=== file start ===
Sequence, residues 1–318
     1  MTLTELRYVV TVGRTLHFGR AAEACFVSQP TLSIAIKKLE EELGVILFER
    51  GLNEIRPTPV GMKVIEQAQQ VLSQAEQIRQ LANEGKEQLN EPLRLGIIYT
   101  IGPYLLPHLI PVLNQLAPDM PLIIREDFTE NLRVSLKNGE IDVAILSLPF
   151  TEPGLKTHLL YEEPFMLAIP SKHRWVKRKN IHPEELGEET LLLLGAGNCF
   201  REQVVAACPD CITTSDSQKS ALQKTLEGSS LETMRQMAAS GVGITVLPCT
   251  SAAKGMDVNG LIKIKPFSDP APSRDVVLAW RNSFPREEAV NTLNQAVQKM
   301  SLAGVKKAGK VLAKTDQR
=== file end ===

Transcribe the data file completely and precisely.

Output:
Sequence, residues 1–318
     1  MTLTELRYVV TVGRTLHFGR AAEACFVSQP TLSIAIKKLE EELGVILFER
    51  GLNEIRPTPV GMKVIEQAQQ VLSQAEQIRQ LANEGKEQLN EPLRLGIIYT
   101  IGPYLLPHLI PVLNQLAPDM PLIIREDFTE NLRVSLKNGE IDVAILSLPF
   151  TEPGLKTHLL YEEPFMLAIP SKHRWVKRKN IHPEELGEET LLLLGAGNCF
   201  REQVVAACPD CITTSDSQKS ALQKTLEGSS LETMRQMAAS GVGITVLPCT
   251  SAAKGMDVNG LIKIKPFSDP APSRDVVLAW RNSFPREEAV NTLNQAVQKM
   301  SLAGVKKAGK VLAKTDQR